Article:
Their host led them to the family table, and Marjoram and Posy swiftly brought the food in and set it before them all.

            Samwise Gamgee and Frodo Baggins exchanged significant glances.  Frodo cleared his throat prior to rising to his feet.  “Sam and I wish to thank you for your hospitality, Mister and Mistress Wheaten.  We do not wish to embarrass or puzzle you, but there is an observance that we began to honor while we were in the King’s city, and that we continue to perform here in the Shire.  Please bear with us.”

            The two denizens of Hobbiton shared an unspoken communication as Sam rose also to his feet, and both turned to face the west for a short period before again facing the table.  Sam nodded to their hosts before reseating himself, murmuring, “Many thanks for havin’ us here and offerin’ us a place to sleep the night.  And we hope as we can solve the question of what happened when the Big Men went to cut down what they could of the Binbale Woods, and why they ran away.”

            Again Titus blushed as the eyes of the company focused on him just as Missus Wheaten passed him the basin of taters.  He kept his attention on his hand as he grasped the serving spoon.  “I’m not certain as I can tell you much.  I drove the wagon, and was back at the ponies’ heads while the rest set to fetching away axes, saws, and such.  The Big Men had their own wagon, and in minutes they each had what they wanted in hand and were heading for the nearest trees, that stand of big oaks at the entrance to the path through the forest.  Some of us Hobbits were right behind them, but others were slower to follow, not eager to cut down the trees, or so I’d guess.  It was so dark!  I doubt as I’ve ever seen so dark a day, what with the brown clouds so thick overhead.  And the air was so close!  It was suddenly hard to breathe, and everybody halted.  It felt like something terrible was about to happen, and everyone stopped where they were.  Then there was a light ahead of them, and all gasped in shock as something could be seen growing right at the opening of the path, something white appearing out of that light.  It was dreadful!  Many of the Men were holding their hands before their eyes—it was that bright!”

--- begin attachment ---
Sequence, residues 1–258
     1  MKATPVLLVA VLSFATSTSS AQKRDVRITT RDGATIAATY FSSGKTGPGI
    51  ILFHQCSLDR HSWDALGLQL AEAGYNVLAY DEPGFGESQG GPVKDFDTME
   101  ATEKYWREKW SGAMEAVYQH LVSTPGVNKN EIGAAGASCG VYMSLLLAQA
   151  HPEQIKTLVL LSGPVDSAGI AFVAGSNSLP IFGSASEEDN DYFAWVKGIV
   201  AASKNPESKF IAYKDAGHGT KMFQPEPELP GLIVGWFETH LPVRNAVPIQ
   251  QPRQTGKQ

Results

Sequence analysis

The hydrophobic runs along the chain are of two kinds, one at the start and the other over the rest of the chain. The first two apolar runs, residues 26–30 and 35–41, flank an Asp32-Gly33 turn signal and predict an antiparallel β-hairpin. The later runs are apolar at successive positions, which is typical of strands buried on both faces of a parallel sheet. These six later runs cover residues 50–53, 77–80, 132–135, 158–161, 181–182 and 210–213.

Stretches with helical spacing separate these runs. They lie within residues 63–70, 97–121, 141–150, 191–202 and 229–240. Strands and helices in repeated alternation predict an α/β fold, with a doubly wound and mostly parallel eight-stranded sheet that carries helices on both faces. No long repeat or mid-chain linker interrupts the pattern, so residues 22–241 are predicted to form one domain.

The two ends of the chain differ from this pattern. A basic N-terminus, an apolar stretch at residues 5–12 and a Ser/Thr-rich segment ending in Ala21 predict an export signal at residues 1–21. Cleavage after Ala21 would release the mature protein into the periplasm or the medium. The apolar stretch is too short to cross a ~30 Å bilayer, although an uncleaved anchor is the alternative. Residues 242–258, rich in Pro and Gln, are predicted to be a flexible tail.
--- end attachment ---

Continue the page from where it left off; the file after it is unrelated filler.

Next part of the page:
He stopped, and realized that Treacle had taken the basin and spoon and had served him before serving himself.  A platter of pork pasties was being offered him, and he nodded his thanks before accepting it and making his selection before passing it on.  Only when all were served did he resume speaking, his eyes on the food before him rather than on the others around the table.  “I’m sorry to be talking so much and giving no one else a chance to speak.  Not that it’s seemly, the subject, here at the beginning of a meal.”

            Frodo spoke softly; and without meaning to, Titus raised his eyes to meet those of the Baggins.  “It was for this reason we asked that you join us, so that we can understand what happened that day.”  To Titus’s nod, Frodo asked, “You say that you did not see clearly what it was within the light?”

            Now Titus shook his head slowly, reluctantly.  “No, sir—not clearly.  It seemed to be a person, but as if he were wearing a white robe made of white fire, with something gold growing about his head.  White and dark flames fought around him, and the gold something was growing, too.  And it spoke, the thing within the ball of light, telling us to leave the trees be—or something like!  One of the Big Men groaned, muttering something about an Eye, but all wrong.  And then Baldry broke, and once he started running the others just followed him.  When Baldry tripped over something—a stump or a rock or something else, they just ran right over him.  And we Hobbits just followed after.  None of us knew what the thing in the light was, but none wanted to stay to find out!”

            Frodo had gone white, his mouth working.  Sam, who sat beside him, took his hand and held it, and Frodo gripped him back, shuddering.  “An Eye, but all wrong?” Sam asked in a raspy voice.